“Mushroom Burial Suit” Called Into Question

Funeral Industry News Going Green February 10, 2020
Mushroom suit
Diana Ionescu

Diana is a writer and urbanist based in Los Angeles. Her interests include modern grief rituals, innovative disposition methods, and navigating death and mourning in an increasingly secular society.


“Mushroom Burial Suit” Called Into Question

You may remember the “mushroom burial suit,” the alternative-burial product that promises a gentle return to the earth as your body becomes compost and nourishes a thriving colony of fungi. Sold as an eco-friendly burial option, the Infinity Burial Suit claimed to cleanse the body of toxins, return nutrients to the soil, and support plant growth around the body. Now critics question the accuracy of the suit’s claims.

Mushroom burial suit goes viral

The Infinity Suit took the green burial world by storm in 2011. A TED talk by suit co-creator and artist Jae Rhim Lee went viral with over a million online views. Lee presented a compelling case that our modern, chemical-laden bodies need extra detox before burial. Her suit claims to go beyond natural burial to actually remove and neutralize toxins from the body.

The hype reached a peak when news broke that 90210 star Luke Perry had chosen the mushroom suit as his preferred burial option before his sudden death in early 2019. In a highly publicized Instagram post, the actor’s daughter called the suit “genius.” 

The suit relies on a “biomix of mushroom mycelium and other micro-organisms” to speed decomposition, neutralize toxins, and return the body to nature. Most notably, it’s use of mushrooms imagery implied that a colony of fungi will grow out of the shrouded corpse.

From movement to industry

As an art project meant to promote a “radical acceptance of death” with a compelling visual symbol of our return to the soil, the Infinity Suit clearly strikes a chord. Its arresting symbolism can doubtlessly inspire difficult conversations. Ultimately, though, the product doesn’t live up to its claims as a practical burial option. It turns out the purported benefits of the Infinity Suit differ little from the regular decomposition of an unembalmed body.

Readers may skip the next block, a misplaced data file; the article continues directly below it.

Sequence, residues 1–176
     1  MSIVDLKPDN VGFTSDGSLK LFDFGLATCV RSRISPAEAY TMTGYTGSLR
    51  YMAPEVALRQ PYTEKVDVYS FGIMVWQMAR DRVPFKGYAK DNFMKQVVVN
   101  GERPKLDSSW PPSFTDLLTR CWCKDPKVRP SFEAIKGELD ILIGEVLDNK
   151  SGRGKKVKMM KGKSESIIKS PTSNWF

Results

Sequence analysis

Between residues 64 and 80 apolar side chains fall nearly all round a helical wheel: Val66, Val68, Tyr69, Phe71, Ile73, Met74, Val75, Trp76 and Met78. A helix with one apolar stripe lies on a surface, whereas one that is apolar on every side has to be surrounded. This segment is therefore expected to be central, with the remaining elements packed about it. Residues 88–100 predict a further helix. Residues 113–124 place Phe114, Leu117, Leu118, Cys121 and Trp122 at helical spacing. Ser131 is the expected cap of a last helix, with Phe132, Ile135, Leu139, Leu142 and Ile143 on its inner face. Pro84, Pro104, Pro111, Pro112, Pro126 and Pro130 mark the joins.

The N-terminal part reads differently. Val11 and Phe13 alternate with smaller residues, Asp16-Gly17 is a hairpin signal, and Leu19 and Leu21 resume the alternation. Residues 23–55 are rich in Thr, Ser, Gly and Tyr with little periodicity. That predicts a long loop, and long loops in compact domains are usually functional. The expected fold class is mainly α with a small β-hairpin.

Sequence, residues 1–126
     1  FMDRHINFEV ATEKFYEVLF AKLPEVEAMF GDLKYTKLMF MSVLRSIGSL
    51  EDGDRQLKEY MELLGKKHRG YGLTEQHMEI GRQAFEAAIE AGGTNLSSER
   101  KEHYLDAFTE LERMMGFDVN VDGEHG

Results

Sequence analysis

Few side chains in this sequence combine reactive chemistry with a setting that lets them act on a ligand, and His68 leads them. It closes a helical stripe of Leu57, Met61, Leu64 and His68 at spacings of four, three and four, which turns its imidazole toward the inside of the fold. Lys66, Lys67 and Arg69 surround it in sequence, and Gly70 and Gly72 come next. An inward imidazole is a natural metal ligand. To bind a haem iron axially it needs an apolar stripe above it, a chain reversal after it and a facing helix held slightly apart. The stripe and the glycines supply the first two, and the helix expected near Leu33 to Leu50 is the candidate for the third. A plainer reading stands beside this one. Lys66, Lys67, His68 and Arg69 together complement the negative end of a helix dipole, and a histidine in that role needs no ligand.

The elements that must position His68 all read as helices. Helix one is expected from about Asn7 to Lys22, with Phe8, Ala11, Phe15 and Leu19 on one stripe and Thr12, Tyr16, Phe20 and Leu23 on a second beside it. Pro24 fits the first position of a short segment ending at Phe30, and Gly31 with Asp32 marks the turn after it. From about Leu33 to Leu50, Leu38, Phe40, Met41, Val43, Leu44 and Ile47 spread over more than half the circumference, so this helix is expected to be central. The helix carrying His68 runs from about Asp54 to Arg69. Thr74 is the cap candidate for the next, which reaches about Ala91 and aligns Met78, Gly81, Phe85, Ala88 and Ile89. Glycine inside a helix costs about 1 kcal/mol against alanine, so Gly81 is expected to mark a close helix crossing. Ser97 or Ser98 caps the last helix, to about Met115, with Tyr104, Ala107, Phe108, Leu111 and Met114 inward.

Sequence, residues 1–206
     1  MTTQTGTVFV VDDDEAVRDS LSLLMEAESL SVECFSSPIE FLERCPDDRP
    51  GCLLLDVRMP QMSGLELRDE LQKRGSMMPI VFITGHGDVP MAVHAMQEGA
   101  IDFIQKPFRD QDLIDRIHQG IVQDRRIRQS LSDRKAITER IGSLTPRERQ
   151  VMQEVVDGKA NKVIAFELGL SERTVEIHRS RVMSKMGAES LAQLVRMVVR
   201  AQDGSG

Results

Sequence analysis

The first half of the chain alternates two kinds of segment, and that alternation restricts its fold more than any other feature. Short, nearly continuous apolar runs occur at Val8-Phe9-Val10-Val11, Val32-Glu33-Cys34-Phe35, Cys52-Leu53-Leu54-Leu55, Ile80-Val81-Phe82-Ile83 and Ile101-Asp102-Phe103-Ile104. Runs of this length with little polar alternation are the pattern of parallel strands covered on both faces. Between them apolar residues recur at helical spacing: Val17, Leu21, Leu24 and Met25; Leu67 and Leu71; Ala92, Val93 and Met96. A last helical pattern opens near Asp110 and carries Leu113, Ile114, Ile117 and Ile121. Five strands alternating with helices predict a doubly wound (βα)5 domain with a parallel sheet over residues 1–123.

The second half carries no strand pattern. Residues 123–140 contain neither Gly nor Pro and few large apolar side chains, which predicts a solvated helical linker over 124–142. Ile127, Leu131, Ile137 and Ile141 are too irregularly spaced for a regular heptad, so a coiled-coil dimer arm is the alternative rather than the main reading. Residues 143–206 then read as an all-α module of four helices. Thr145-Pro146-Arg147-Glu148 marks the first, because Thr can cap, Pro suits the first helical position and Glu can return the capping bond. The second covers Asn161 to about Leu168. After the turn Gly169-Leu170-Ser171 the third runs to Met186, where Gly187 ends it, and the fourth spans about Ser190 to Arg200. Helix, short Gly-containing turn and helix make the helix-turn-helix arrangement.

Dr. Billy Campbell, co-founder of the first conservation burial ground in the United States, addresses the mushroom suit in a blog post. He explains that organisms like soil bacteria, insects, and nematodes all take part in decomposition much earlier than fungi do. To him, the complex biology of decomposition and mushroom ecology makes it difficult to design a better system than nature already has.

While our modern bodies contain sometimes alarming levels of heavy metals and toxins, these amounts prove inconsequential to surrounding soil. Contamination can take place when toxic sludge or pesticides get dumped in the same location repeatedly. However, there’s little danger of any substantial pollution from buried human remains. 

Lee’s other claim—that the Infinity Suit speeds decomposition—also falls flat upon closer examination:

“Faster decomposition means that carbon leaves the body and returns to the atmosphere as CO2 more quickly … nutrients such as nitrogen are released more rapidly. What if they are released at a speed faster than surrounding plants can actually take them up? Then they make their way into waterways and cause algae blooms just as fertilizer pollution does.”

From movement to industry

Critics also argue it falls into the same trap as the traditional funeral industry. They believe Infinity is selling “a solution to an invented problem” that has simpler, cheaper (if less visually striking) answers. In a piece for AlterNet, authors Sarah and Tim Crews call the suit’s claims “wildly misleading.” They also accuse the budding “green burial” industry of manipulating customers to buy unnecessary products. 

As with any trend, the popularity of “green burial” will bring out products of varying quality. It’s inevitable as eager entrepreneurs mine a lucrative new market. As a generation of eco-conscious baby boomers ages and young people embrace “death positivity,” interest in alternative burial options will continue to grow. 

In an industry not overly familiar with change, the public demand for alternative burial and memorial options has left providers scrambling to provide their customers with new choices. In 2019, the Green Burial Council recognized 72 cemeteries certified for natural burial, up from only 36 in 2012. Hundreds of cemeteries and funeral homes already offer a variety of environmentally friendly options. These include wicker caskets, shrouds, and eco-friendly urns. 

Let the earth do the work

Creative, personalized memorials and innovative burial techniques can help us make peace with dying. They also can help us develop modern mourning rituals, and reduce the carbon footprint of burial. At its core, natural burial is simple and economical. The key is to keep humans out of the way (when they, for example, wan to enclose a grave in a concrete vault). The earth’s self-regulating mechanisms can do quick work of decomposition, needing no specialized equipment.

Supporters of the green burial movement value simplicity, affordability, and sustainability. Therefore, they must turn a critical eye to the upsurge of commercial interests like the Infinity Suit. These threaten to undermine their ethics and co-opt the movement with misleading claims.